Auction shock could bring breakthrough for investors

January 26, 2022 | 16:00
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The recent auction of four golden land sites in Thu Thiem New Urban Area has increased attention to the country’s land auction process and the issues that financiers may face.
Auction shock could bring breakthrough for investors
By Dung Duong - Senior director CBRE Vietnam

Our research shows that the growth rate of new supply in Vietnam’s residential market, especially in Ho Chi Minh City, has continuously decreased by an average of 22 per cent per annum over the last four years. Limited land banks, licensing issues, and the pandemic have all contributed to this situation.

With the increasing demand from the population for places to live and attain land increasingly scarce, the land auction has been considered as an effective solution within the industry to promote development whilst providing a level playing field for entering the market and accessing land sites.

Auctions provide opportunities for investors to acquire these ‘golden’ land sites within the city, but there remain many difficulties for investors in preparation for successful land acquisition.

The first challenge is access to information. Foreign investors struggle to learn of the bidding, and local investors often have been aware for a long time before them. Even when the bidding is announced publicly, the announcement is usually just a printed display within the Ho Chi Minh City Property Auction Service Centre and sent to relevant parties rather than being made public through the media and other digital channels.

Another hurdle faced by foreign investors is that the 10-page-plus bidding notice is only available in Vietnamese with no corresponding notice in English, further limiting the opportunity for participation.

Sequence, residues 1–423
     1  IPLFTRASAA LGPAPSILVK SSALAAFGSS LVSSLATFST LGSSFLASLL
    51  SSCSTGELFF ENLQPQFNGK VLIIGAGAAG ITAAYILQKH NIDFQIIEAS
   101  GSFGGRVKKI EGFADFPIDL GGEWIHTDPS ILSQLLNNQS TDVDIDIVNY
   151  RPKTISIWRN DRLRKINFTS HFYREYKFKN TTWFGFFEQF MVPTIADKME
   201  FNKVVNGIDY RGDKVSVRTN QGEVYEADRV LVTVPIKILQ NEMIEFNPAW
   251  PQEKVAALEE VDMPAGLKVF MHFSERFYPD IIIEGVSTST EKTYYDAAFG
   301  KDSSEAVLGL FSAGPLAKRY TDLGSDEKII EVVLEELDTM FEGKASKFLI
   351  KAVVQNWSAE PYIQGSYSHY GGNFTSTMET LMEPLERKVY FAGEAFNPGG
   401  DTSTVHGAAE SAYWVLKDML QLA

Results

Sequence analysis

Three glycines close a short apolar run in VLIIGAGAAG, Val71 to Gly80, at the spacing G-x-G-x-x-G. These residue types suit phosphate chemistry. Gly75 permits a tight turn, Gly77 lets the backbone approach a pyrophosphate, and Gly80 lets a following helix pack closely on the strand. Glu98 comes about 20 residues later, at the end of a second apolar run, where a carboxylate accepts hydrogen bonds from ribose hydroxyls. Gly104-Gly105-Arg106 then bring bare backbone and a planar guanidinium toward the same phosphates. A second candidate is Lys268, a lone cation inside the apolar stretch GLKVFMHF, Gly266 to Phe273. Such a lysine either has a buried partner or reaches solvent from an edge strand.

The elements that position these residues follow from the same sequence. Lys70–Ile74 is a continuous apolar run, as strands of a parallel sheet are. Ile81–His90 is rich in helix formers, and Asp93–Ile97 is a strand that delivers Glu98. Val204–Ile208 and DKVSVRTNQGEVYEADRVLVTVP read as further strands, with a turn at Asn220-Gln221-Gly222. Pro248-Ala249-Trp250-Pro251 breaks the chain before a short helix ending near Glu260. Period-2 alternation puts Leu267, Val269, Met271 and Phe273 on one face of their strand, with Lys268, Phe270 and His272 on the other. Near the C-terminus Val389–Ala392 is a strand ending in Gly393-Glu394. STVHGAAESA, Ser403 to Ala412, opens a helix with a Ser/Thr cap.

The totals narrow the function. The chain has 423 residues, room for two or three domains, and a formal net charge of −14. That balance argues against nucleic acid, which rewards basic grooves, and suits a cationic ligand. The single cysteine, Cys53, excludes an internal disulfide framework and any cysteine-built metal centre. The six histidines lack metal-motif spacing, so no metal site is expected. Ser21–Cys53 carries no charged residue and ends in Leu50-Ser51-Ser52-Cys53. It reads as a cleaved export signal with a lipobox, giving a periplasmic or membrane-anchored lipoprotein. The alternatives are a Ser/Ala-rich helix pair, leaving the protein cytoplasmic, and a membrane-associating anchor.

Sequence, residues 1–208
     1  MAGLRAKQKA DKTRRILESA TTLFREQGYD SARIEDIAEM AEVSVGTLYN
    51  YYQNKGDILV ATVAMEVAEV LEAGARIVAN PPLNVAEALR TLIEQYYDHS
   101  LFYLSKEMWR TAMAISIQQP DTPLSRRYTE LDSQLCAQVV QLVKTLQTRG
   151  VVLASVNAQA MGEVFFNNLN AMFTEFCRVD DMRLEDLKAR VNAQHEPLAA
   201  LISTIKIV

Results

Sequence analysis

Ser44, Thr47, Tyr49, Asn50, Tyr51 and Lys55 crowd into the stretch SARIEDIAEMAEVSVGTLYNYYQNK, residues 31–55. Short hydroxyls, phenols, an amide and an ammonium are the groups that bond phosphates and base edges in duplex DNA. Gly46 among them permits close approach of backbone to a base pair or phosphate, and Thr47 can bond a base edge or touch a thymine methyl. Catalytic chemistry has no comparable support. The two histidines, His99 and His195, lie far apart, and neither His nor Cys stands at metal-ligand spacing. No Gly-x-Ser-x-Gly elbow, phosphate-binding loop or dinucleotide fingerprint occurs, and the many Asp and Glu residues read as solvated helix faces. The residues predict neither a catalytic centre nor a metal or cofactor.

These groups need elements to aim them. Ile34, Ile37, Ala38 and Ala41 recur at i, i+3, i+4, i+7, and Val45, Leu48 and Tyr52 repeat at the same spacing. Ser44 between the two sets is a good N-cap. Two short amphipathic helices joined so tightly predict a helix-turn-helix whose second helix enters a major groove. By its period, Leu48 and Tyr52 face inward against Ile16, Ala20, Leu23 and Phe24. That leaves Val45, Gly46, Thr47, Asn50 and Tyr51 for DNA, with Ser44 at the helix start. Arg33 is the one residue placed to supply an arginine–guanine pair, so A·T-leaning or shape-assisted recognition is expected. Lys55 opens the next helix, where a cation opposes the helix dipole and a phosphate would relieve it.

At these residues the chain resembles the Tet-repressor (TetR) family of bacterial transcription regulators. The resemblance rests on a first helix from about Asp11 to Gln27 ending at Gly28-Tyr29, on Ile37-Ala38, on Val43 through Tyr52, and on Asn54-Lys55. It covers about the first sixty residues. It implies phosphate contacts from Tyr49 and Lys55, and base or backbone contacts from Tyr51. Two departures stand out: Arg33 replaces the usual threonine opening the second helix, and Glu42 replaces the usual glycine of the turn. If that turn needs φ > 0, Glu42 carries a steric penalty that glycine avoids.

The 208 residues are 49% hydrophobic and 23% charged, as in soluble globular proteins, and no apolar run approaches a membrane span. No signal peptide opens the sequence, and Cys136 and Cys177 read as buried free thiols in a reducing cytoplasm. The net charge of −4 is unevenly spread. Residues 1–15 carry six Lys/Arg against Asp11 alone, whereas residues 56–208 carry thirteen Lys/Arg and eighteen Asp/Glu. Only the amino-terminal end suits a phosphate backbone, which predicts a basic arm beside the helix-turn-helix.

Vietnam’s real estate market in recent years has recorded active participation from investors from Japan, South Korea, and China, countries which often do not use English as a primary language. Notices in these languages would be warmly welcomed.

The second challenge is the time to prepare all the required documents for the auction. Normally, investors will have 2-3 weeks to prepare for the auction from the date of the official announcement. The auction of the four land plots in Thu Thiem, for example, allowed only three weeks to prepare the relevant documents. Within the industry, three weeks is not considered sufficient time to prepare for an auction, particularly for foreign investors.

Under the Law on Bidding in Vietnam, only companies with an enterprise registration certificate (ERC) in real estate business are eligible to participate in an auction. Unless these investors already have an available legal entity in Vietnam to support the auction, the establishment of this new legal entity with a valid ERC might easily take more than three weeks.

Also under the law, investors need to deposit 20 per cent of the starting price and this amount needs to be documented in writing without a bank guarantee. Most foreign investors in Vietnam will need time and approval from a parent company to do this, which adds even more to the preparation time.

Last but not least is the availability of data to support investor decisions in proposing a competitive bidding price. The property information provided by the Auction Center is usually just limited to very basic info such as land location, land size, and legal status, while investors will require much more to run a feasibility study for the auctioned land to make sure they can make a decent profit with the bidding price.

There is also no single contact point for investors to reach out to when they have questions about land details – they have to contact various related government departments, which is time-consuming.

To create a level playing field for both foreign and local investors in the bidding process, it is strongly suggested that auction information be provided in formats that allow all investors equal access.

Ideally, this information should be published in both Vietnamese and English. For key land plots like Thu Thiem, there should be a single contact point that is responsible for the entire pre- and post-auction process, guiding a detailed process and providing approved information to foreign investors.

At the same time, a timeline for the auction process should also be considered so that overseas investors have enough time to prepare all relevant documents and investment capital for the acquisition of the auctioned land.

Given the desire to attract more investment in Vietnam, it is hoped that the land auction process will be managed and organised in a better fashion by the government and related authorities, in order to strengthen the trust of non-Vietnamese investors when taking part.

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